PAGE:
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Aircraft Powered By Hydrogen & Net Zero Target by 2050

Hydrogen filled H2 propeller Airplane flying in the sky - future H2 energy concept. 3d rendering

FlyZero’s and UK Aerospace Technology Institute’s (ATI) study has concluded that green liquid hydrogen-powered aircraft could deliver the net-zero 2050 target for aviation. 

 

Two Technologies

 

The 12-month study results suggest that aviation can achieve net zero by 2050 by developing sustainable aviation fuel (SAF) and green liquid hydrogen technologies. 

 

What Is Green Liquid Hydrogen?

 

Liquid hydrogen aviation fuel is produced by splitting water to create a liquid hydrogen fuel that gives no CO2 emissions and eliminates the most harmful non-CO2 emissions associated with current kerosene fuels, including carbon monoxide, methane, soot particles, plus oxidised sulphur species. In addition, liquid hydrogen fuel only emits vapour and near-zero nitrogen oxides, making it a truly ‘green’ energy. 

 

What Is Sustainable Aviation Fuel (SAF)?

 

Low-carbon sustainable aviation fuel (SAF) refers to energy made from renewable biomass and waste resources. Like liquid hydrogen, these have the potential to deliver the performance of petroleum-based jet fuel but with only a fraction of its carbon footprint. 

What Difference Could It Make?

In environmental terms, according to the ATI, if midsize hydrogen-powered aircraft were introduced by 2035 and a narrow-body plane by 2037, plus if half the commercial fleet were hydrogen-powered by 2050, aviation’s carbon emissions could be reduced by massive four gigatons (GT) up to 2050. That’s the equivalent of four years of total global aviation carbon emissions. By 2060, the emissions could be reduced by 14 Gt. 

In performance terms, FlyZero recently showed that green liquid hydrogen could power a midsize aircraft with 280 passengers from London to San Francisco directly or from London to Auckland with just one stop. 

Opportunities For UK Businesses

Following the study’s findings, the ATI has highlighted how the UK could build on its decades of expertise in aerospace innovation and introduce a new generation of liquid hydrogen-powered aircraft, working with global OEMs, governments, and regulatory bodies.  

The ATI says that “with targeted investment in technology, the UK could grow its market share in civil aerospace from 12% today to 19% by 2050, increasing the sector’s gross value added to the economy from £11bn to £36bn and the number of aerospace jobs from 116,000 to 154,000”.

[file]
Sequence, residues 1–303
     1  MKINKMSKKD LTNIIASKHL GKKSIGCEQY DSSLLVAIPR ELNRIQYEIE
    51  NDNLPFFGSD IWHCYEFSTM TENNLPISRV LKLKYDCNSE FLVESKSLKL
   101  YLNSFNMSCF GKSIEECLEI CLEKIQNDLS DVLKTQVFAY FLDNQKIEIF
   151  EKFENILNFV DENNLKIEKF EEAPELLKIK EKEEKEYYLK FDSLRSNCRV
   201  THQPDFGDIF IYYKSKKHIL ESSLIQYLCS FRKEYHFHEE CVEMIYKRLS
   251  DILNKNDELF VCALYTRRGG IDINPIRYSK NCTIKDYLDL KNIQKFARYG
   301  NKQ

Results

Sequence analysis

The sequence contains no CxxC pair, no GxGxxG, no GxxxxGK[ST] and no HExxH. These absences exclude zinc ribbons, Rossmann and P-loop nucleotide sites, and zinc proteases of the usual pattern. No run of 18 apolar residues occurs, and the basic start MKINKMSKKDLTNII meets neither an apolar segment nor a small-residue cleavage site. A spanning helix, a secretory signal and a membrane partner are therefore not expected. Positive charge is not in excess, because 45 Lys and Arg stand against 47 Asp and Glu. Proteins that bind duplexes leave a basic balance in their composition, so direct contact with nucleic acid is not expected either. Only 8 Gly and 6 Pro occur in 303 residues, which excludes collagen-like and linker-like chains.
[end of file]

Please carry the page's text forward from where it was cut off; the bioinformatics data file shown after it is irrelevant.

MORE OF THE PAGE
Green Hydrogen H2 gas molecule. Production of green hydrogen ene

Cost

 

FlyZero has also highlighted a cost benefit to liquid hydrogen and SAF by noting how, by the mid-2030s, “liquid hydrogen will be cheaper than the most widely available sustainable aviation fuel (SAF), power-to-liquid”. 

 

What Does This Mean For Your Organisation?

 

More than most countries, aviation contributes around 4 per cent to all human-induced global warming (Klöwer et al.). Current kerosene-based aviation fuels are responsible for global emissions of approximately 1 billion tons of CO2 annually! This is not sustainable and very environmentally damaging, which means that, at this rate (if things stay the same), a UK aviation net zero by 2050 looks impossible.

However, if green hydrogen aircraft are introduced within the next 12 to 15 years, the potential promise of green hydrogen could be an effective way to dramatically reduce CO2 emissions, cleaning up the UK aviation industry. If the FlyZero/ATI study findings are also accepted, a big switch to green hydrogen could reduce costs (liquid hydrogen becoming cheaper than kerosene fuels) and maintain performance.

For UK businesses, investment in new fuel technologies – green hydrogen and SAF – could bring opportunities, technology, and significant growth in market share in civil aerospace. This could treble the sector’s gross value added to the economy and seriously increase the number of aerospace jobs. This could have a significant positive knock-on effect on the UK economy and the UK’s standing in the world as regards the changes in the global aviation market. 

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